For those who don't know, they are referring to the 2001 Armando Diaz school attack  (warning: graphic), where hundreds of G8 pacific protesters were brutalized and tortured by Italian police. Whilst the police has been found guilty of this, none of the policemen is serving any jail time.
My friends went inside the school after the raid and took pictures that I can't get out of my head to this day. The whole building looked like a slaughterhouse with blood everywhere. Blood-stains on radiators indicating that peoples heads were repeatedly smashed against them. I also remember the screams you could hear on the live-stream. First it was people yelling "pacifisti" and then just screams for 20min until the screaming stopped and ambulances arrived.
That shit really paves the way for young activists continuous fight against facism of any kind.
Fisher is experienced enough to know any information they leak will be used against them. My guess is that the event is either symbolic or meant build on a persona used to find people like them; post provides a means of contact.
Regardless of their intent, as made clear by my other comment, this was a tragic event, and the police should be held accountable.
If police commit crimes, they must be held accountable.
And I say that as an activist against police corruption here who also lives in a murder capital. Police pulling shit that bad here is rare outside the "hoods" where it's thugs and low income people nobody cares about. Still usually just a ticket, thrown on a car, or a brief taser. The worst plant shit on people but they're very rare.
Doubt it would help much at this point. Damage is done. Still pisses me off though.
Terrorism is not quite the same thing, but many are similarly notable.
(I'm probably only aware of a couple of them; I'm not grandstanding about awareness here)
I'm grateful for the information. It's incredibly interesting, but it might come at great expense to the author.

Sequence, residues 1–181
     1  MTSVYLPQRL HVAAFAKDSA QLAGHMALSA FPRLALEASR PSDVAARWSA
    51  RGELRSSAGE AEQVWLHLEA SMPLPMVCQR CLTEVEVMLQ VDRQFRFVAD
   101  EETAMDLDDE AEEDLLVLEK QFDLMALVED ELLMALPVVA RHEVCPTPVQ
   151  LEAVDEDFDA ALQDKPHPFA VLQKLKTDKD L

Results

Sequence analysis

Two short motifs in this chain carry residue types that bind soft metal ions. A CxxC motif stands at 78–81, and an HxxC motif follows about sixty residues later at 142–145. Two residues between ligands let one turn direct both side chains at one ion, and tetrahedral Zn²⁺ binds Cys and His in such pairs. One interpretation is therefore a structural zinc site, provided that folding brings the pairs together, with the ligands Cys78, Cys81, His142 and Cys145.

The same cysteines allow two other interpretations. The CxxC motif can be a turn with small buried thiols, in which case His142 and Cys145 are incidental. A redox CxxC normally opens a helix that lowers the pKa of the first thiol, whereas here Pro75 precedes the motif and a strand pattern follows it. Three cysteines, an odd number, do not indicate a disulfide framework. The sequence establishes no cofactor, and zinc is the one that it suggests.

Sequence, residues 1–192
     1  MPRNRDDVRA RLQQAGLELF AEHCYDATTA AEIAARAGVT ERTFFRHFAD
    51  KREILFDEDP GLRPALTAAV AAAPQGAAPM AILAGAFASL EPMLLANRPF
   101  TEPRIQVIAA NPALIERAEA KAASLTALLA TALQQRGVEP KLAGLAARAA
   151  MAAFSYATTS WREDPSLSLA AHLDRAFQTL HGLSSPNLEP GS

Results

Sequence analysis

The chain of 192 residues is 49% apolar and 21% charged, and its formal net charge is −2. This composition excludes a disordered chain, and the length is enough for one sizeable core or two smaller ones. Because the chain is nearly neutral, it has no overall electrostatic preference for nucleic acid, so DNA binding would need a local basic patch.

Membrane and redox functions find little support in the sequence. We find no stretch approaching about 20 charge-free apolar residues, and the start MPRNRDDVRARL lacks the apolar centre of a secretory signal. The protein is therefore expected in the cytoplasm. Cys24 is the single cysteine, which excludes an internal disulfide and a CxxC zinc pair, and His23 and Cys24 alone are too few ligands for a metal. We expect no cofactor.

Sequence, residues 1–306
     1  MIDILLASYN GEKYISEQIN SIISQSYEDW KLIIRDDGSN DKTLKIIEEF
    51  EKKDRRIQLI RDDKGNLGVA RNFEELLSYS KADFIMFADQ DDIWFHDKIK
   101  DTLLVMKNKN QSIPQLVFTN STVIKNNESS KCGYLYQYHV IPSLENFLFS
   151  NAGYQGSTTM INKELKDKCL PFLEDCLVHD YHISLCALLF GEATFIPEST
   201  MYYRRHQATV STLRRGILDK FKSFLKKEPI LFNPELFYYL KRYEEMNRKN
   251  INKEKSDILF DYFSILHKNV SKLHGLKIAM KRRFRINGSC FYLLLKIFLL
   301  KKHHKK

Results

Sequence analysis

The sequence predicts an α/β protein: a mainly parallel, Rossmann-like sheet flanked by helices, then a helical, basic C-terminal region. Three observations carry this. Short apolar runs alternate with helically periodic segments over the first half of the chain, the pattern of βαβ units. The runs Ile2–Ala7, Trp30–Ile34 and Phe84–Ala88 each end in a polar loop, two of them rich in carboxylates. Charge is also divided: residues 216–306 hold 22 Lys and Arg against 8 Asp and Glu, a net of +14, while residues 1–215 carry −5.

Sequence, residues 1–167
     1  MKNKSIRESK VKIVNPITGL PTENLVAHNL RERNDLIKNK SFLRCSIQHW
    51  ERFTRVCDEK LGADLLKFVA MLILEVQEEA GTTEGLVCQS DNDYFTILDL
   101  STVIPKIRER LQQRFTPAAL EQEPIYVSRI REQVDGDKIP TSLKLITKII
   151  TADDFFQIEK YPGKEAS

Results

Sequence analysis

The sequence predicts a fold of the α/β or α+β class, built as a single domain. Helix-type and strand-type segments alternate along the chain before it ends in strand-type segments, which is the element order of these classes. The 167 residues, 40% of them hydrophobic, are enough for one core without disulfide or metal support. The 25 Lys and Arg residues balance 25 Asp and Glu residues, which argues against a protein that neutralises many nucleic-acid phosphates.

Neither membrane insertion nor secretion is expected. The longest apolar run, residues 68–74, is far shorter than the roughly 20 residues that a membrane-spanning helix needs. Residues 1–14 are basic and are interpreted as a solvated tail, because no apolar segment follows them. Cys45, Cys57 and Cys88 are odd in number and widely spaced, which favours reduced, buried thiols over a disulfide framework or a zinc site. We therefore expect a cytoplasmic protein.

Presumably, given that they talk about EU culture^W^W^W^W (see comment below) have a https://securityinabox.org/es/… link, the author is from Spain, which would make it easier to pinpoint an origin, as Spain has a wider spectrum of language differences than in most other Spanish-speaking countries.
Since there is a link to http://madrid.cnt.es/, they maybe live in the capital, which weighs 3 million inhabitants.
I'm glad to find people that still fight the system in this side of the world.
They could be dropping some contradictory clues, BTW. I could definitely see that.
This guy seems to be pretty good at googling around for stuff.
Is there some global force that would be active on him?
Some people even do it out of curiosity: https://news.ycombinator.com/item?id=11304752
So I'm not sure what your trying to say.
1. Great choice of targets where the leaks are less questionable in terms of ethics.
2. A great write-up with references that could benefit attackers, defenders, and students alike.
This stuff is gold:
> NoSQL, or rather NoAuthentication, has been a great gift to the hacker community . Just when I was worrying that all MySQL's sins of omission had finally been patched , these new databases appear, lacking authentication by design. Nmap found a few in Hacking Team's internal network:
Not to mention:
> As fun as it was to listen to captures and watch webcam images of Hacking Team developing its malware, it wasn't very useful. Their insecure security backups were the vulnerability that threw the doors open. According to the documentation , their iSCSI systems should have been on a separate network, but nmap count a few of them in their 192.168.1.200/24 subnet:
I can just hear some one saying to themselves, four years ago, "This backup stuff should be on a separate subnet, but for now this appears to be working. Make a note-to-self to secure it later." ....
I think people should be grateful to the ones that as he did, fight against what is legal but definitely wrong.
Better yet, when was the lat time you got to vote on a law that was passed in your country?
Whoisology  is good for this, though they've been more aggressively pushing their paid options as of late. Also WhoisMind , to some extent.
site:whois.domaintools.com "Y Combinator"
>Thanks to the hardworking Russians and their exploit kits... many businesses already have compromised machines in their network. Almost all of the Fortune 500, with their enormous networks, have a few bots on the inside